Protests in Egypt ensue after a police officer shot and killed a tea vendor in Cairo on Tuesday. The police officer, who has not been named, is being held by Egyptian authorities. For some, this act of police violence confirms that the current regime considers Egyptian lives disposable. The death of the tea vendor has not happened in isolation but is part of a broader program of state sanctioned repression.
When Mohamed Bouazizi set himself aflame in Tunisia in 2010, he did so because the Tunisian working class was disenfranchised but also because of the daily torment of the state. Police brutality against the working class is not unique to Tunisia or Egypt but can be found in working class black neighborhoods in the United States. It is in this vein that we can say that Egyptian lives matter and transformation from the status quo can only happen from below.
Under President Abdel Fattah Al-Sisi, security forces have increased to the point that non-permitted street protests have been criminalized. Despite that, the past several months have witnessed a series of labor and social related street oppositions. In February, Egyptian doctors organized a strike to demand better working conditions and to challenge police brutality. The regime responded by arresting some of the key leaders including Dr. Taher Mokhtar. Outside of this struggle for better healthcare in Egypt, 38,000 public bus drivers exerted their labor power in March 2016. The Ultras White Knights–most popularly known for helping to oust Hosni Mubarak–were allowed to gather their base for a match earlier this month. This was particularly important partially because the left leaning team has been pivotal for integrating sports and mass political protest.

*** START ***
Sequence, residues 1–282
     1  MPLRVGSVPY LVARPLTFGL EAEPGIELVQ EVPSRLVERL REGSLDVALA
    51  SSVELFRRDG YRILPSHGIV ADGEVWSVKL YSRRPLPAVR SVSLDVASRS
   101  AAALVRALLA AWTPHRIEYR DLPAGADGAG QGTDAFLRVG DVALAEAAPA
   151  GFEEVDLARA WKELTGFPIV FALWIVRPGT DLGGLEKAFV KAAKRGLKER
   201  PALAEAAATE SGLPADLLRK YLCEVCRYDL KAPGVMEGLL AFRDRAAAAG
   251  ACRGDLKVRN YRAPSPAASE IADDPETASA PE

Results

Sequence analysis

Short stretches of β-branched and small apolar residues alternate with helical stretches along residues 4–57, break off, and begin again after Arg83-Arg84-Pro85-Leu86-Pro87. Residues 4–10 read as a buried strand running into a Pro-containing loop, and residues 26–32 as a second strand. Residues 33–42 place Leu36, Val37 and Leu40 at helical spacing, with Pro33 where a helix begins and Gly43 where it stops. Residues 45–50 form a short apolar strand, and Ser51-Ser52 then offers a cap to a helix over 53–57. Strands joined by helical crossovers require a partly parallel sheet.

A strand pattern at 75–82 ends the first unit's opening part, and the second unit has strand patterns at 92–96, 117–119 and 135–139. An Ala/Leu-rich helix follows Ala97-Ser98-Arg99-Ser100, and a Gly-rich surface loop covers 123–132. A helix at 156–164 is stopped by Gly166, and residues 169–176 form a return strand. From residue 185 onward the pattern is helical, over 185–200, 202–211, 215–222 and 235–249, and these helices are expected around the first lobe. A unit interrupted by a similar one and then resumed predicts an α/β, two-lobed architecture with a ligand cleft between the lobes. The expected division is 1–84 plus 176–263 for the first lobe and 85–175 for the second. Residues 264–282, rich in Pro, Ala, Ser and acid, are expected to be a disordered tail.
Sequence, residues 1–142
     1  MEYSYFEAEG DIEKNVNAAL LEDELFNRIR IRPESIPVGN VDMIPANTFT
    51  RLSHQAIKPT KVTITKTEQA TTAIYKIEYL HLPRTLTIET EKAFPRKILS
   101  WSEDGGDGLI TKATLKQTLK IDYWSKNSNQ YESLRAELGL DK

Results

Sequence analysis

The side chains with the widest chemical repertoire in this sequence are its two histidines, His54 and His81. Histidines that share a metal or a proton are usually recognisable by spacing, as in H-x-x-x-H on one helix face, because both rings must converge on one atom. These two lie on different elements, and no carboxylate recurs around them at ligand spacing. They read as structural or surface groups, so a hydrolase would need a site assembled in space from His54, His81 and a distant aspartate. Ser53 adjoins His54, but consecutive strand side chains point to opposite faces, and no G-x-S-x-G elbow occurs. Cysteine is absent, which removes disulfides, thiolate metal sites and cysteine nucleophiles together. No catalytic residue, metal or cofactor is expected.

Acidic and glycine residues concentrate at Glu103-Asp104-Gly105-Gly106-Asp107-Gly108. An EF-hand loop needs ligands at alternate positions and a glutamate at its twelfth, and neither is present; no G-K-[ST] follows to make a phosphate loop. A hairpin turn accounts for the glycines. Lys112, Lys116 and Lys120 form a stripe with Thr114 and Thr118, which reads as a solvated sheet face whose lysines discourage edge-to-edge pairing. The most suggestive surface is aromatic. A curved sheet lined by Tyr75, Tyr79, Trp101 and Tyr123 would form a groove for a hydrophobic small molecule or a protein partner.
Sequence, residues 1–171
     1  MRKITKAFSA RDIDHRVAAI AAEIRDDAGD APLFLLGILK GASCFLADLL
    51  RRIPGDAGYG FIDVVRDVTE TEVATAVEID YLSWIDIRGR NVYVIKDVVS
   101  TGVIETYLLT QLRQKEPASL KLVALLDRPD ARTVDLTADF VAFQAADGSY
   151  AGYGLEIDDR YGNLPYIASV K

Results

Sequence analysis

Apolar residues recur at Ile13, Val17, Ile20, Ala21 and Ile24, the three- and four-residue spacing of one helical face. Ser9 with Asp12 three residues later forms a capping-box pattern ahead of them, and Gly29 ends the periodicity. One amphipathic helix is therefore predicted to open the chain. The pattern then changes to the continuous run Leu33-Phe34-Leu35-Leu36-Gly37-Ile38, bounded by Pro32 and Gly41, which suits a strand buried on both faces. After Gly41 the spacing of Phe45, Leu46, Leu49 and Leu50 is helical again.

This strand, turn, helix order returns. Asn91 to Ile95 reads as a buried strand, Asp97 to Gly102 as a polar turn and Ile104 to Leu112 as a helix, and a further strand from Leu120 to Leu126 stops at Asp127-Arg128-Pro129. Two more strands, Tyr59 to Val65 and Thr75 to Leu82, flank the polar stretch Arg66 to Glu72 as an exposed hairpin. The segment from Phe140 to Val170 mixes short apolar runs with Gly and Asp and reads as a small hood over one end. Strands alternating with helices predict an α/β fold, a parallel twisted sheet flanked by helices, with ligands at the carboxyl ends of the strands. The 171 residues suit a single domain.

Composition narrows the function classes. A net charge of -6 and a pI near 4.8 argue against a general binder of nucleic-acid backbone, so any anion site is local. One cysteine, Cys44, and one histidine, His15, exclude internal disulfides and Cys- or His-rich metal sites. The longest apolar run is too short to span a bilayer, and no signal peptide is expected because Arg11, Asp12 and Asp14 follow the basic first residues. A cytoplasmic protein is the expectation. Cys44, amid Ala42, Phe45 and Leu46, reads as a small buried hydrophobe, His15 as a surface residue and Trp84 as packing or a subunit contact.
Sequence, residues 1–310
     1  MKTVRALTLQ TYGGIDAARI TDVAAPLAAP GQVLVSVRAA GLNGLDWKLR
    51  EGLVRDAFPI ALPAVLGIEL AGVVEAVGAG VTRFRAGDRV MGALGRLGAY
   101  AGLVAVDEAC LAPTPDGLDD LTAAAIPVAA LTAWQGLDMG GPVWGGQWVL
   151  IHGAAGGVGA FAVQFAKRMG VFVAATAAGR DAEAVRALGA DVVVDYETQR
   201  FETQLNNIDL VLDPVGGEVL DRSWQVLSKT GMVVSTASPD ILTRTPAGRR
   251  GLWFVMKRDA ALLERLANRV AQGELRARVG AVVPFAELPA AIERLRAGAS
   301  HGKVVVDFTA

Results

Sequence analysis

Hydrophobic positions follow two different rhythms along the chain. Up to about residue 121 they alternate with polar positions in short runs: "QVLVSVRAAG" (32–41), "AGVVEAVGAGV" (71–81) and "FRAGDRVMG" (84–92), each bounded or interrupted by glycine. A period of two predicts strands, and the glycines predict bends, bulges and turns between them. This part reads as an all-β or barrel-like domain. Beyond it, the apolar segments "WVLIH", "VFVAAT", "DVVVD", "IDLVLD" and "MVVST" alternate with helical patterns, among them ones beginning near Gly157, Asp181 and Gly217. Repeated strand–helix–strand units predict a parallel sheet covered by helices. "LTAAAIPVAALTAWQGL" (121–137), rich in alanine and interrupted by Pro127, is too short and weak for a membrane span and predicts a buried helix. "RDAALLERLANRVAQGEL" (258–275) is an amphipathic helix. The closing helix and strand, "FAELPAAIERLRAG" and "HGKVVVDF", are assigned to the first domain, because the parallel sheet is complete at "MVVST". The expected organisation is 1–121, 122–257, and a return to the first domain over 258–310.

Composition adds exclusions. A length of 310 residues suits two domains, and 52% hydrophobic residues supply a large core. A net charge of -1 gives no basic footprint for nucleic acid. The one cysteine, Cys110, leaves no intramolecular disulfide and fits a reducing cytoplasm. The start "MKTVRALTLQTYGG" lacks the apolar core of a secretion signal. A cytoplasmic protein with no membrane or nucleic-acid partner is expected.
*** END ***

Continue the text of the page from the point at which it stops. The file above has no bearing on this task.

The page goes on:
Although the Sisi regime has used intimidation and violence to suppress opposition, labor groups and civil society groups have managed to resist. What this goes to show is that collective mobilization by the Egyptian people will help to generate political change.